In this week’s parsha, we find a peculiar pasuk which reveals a very deep yesod. In the beginning of the third perek, the pasuk says, “And these are the offspring of Moshe and Aharon”. However, the pesukim go on to only mention the children of Aharon. The obvious question is, why does the Torah introduce the counting of Aharon’s sons with “these are the offspring of Moshe and Aharon” while it continues to list only the children of Aharon!?
Rashi anticipates this problem and says that the reason the Torah mentions Moshe is because Moshe taught Aharon’s children Torah, and if one teaches another Torah its akin in the eyes of the Torah as if he has given birth to him. (As a side note, this Rashi seems to be a little bit difficult to understand. Moshe taught Torah to all of Klal Yisrael, so it should have mentioned Moshe by the counting of the children of all the shvatim…)
What’s this idea? What does it mean that if a person teaches another Torah it’s considered as if he had given birth to him? What change happens in order to consider the person a “new” individual?
There’s a yesod I heard a while ago from Rav Yehuda Vagshal which I think is applicable to answer this question. There’s a famous ma’amer of Chazal which says, “ain ben chorin eleh mi she’osek b’Torah”, “there’s no free person besides for one who toils in Torah.” Chazal learn this out of a pasuk which says that divrei Torah are “charus al luach libo”, that is, “engraved in the walls of one’s heart.” Chazal tell us not to read it “charus”, “engraved”, rather “cheirus”, “freedom”.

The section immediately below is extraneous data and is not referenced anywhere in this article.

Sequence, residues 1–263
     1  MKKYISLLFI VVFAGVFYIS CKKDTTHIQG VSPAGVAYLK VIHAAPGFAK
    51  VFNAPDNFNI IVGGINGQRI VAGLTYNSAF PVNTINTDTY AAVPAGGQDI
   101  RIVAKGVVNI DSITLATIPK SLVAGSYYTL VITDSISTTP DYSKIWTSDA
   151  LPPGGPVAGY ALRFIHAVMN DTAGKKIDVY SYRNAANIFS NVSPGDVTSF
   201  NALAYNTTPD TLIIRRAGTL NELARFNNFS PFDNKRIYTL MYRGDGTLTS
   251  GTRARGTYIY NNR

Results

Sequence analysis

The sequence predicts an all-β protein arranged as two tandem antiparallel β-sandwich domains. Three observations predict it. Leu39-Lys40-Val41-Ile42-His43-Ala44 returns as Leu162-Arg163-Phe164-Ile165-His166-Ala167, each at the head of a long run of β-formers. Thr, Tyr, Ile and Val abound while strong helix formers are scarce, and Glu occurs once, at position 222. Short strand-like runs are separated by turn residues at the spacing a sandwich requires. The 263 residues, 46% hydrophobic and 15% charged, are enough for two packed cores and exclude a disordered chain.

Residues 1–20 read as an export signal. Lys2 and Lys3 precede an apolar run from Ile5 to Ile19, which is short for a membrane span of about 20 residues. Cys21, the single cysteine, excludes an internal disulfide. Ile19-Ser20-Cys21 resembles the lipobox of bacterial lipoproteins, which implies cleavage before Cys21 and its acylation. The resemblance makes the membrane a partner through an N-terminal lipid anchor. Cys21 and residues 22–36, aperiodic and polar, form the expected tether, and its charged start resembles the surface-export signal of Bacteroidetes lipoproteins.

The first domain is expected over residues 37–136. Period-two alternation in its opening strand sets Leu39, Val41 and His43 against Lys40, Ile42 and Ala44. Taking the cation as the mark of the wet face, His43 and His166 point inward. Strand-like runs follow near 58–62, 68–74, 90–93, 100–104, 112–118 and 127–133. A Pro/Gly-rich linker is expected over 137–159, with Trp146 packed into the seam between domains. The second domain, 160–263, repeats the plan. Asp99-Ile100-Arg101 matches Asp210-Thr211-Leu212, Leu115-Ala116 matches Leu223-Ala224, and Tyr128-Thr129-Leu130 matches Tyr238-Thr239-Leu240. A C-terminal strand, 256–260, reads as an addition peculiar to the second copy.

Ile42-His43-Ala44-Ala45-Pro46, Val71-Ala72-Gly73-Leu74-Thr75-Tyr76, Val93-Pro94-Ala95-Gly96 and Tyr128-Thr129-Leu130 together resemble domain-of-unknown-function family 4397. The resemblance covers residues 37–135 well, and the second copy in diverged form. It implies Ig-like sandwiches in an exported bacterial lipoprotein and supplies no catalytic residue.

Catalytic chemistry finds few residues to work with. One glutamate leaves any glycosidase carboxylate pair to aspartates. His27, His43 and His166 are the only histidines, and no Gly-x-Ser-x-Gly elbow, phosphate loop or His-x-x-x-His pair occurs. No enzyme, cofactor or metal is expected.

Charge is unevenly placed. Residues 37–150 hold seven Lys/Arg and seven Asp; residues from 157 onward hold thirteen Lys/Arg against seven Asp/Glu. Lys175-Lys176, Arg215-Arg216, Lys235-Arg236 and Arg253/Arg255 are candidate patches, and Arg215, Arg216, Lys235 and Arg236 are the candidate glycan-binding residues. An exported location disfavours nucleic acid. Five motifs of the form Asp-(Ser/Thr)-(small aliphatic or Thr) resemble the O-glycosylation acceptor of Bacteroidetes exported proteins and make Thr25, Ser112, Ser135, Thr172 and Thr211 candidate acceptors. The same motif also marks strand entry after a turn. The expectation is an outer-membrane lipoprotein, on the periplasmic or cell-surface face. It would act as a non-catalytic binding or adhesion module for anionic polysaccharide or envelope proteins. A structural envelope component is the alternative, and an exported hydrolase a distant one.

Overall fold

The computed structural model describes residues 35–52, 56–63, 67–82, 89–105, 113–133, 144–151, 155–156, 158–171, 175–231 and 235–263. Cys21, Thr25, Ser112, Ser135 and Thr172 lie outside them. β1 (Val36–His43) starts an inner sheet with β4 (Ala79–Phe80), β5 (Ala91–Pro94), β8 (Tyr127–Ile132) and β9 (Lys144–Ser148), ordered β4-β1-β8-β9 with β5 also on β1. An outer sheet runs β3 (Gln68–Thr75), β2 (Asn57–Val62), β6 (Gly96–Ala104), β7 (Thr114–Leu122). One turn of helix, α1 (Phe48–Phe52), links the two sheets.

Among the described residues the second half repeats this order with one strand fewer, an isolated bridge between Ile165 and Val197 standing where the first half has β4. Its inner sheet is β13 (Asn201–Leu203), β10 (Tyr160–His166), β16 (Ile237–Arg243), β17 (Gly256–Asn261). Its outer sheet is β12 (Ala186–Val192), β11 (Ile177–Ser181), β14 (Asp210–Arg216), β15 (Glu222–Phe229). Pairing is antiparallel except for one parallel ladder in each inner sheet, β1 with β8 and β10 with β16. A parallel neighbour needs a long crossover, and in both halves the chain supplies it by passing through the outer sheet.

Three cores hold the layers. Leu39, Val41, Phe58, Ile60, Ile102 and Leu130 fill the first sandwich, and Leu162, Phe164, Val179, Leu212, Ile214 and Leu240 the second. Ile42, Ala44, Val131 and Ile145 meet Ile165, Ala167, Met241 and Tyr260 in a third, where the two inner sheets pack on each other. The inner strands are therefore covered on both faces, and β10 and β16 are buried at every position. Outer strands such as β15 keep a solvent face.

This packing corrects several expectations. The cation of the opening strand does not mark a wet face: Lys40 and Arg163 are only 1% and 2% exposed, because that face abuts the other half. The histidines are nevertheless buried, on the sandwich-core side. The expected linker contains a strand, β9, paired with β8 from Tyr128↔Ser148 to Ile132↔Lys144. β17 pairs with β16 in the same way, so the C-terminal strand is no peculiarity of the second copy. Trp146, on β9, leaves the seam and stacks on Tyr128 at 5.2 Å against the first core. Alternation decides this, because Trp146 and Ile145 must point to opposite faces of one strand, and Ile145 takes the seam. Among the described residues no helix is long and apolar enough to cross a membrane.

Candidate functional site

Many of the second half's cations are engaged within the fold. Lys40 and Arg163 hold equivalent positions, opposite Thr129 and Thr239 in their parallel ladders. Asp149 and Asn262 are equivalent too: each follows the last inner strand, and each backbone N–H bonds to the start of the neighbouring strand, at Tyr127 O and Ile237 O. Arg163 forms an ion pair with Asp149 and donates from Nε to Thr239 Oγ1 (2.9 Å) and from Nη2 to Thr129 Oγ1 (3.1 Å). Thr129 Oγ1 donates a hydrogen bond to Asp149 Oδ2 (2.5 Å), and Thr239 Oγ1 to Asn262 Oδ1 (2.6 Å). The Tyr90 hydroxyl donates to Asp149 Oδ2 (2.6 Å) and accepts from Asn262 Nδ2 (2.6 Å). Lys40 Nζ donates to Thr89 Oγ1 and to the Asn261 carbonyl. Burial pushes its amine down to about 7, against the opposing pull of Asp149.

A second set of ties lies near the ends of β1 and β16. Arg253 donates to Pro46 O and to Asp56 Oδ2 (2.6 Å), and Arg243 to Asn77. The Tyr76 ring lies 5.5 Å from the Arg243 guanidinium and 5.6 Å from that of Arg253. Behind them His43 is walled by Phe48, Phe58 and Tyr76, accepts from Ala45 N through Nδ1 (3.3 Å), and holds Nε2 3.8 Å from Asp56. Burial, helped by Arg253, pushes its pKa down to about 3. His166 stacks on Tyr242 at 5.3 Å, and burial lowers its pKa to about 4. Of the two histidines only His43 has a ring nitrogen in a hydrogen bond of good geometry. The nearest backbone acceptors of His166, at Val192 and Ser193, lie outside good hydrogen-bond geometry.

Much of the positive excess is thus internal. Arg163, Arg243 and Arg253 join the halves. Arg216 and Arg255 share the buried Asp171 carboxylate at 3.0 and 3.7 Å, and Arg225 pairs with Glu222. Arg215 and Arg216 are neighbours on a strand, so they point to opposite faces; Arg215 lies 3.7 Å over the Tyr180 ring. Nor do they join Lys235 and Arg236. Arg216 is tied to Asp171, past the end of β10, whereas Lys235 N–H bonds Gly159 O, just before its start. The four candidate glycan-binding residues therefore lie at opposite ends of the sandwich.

It’s brought down in seforim that when chazal darshan like this, there’s always a connection between the word being changed and the word its being changed to. In our case, that would mean there’s a connection between “charus” and “cheirus”; “engraved” and “freedom”. What’s the connection between the two words?
To explain this, we can start with a parable. There are two ways a person could make a picture on a rock. He could take some paint and smear it on a rock. In this way, the paint would remain the same paint and the rock would remain the same rock, the paint would just happen to be on the rock. Another way to make this picture would be if the artist chose to engrave the image into the rock itself. In this way, the rock itself would portray the image wanted.
The same is true with learning Torah. A person can learn Torah in such a way where the Torah exists outside of him. Just like the paint on the rock, the essence of the person remains unchanged, he just happens to know some Torah. A deeper way to learn is for the person to engrave the words of Torah into his heart. In this way, his essence is changed; it itself speaks Torah.
That’s the connection between the word “charus”, “engraved”, and “cheirus”, “freedom.” A person who learns Torah is considered free. But which type of learning Torah? Only one who engraves the words of Torah into “luach libo”, the walls of his heart.
I think this could be the pshat in the Rashi we mentioned earlier. When one teaches another Torah, why is it considered as if he has given birth to him? Because if Torah is taught and learnt in the correct way, the essence of the person changes. He’s no longer the same person he was before he learned Torah. If he allows the words of Torah to penetrate him, they become engraved in his heart. Then the heart itself speaks these words of Torah.
Next week it will be Shavuos. Besides for being an intense day of Limud Hatorah, the Torah tells us that the korban brought on Shavuos was a Mincha Chadasha. I saw once (I believe a Sfas Emes) that the Mincha Chadasha was brought specifically on Shavuos because the essence of Shavuos is a day of hischadshus, renewal. So if we’ve spent the past year to busy or to complacent to try to engrave Torah into ourselves, Shavuos is the day for the Tikkun. To reflect on the meaning of Torah and the role it plays in our lives. Is it our essence, or merely something we know? Is it the paint on the rock, or is it a part of the rock itself?
This question can serve as a good preparation for Shavuos, to approach the day with a proper mindset and desire to become a person who exudes the message of the Torah from the essence of his being.